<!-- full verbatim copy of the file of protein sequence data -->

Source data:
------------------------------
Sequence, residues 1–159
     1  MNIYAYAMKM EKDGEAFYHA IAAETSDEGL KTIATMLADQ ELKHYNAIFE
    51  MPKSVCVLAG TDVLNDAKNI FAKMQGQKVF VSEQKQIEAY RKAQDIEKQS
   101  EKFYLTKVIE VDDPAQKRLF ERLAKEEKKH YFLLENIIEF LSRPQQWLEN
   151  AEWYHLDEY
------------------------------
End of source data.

Sequence, residues 1–159
     1  MNIYAYAMKM EKDGEAFYHA IAAETSDEGL KTIATMLADQ ELKHYNAIFE
    51  MPKSVCVLAG TDVLNDAKNI FAKMQGQKVF VSEQKQIEAY RKAQDIEKQS
   101  EKFYLTKVIE VDDPAQKRLF ERLAKEEKKH YFLLENIIEF LSRPQQWLEN
   151  AEWYHLDEY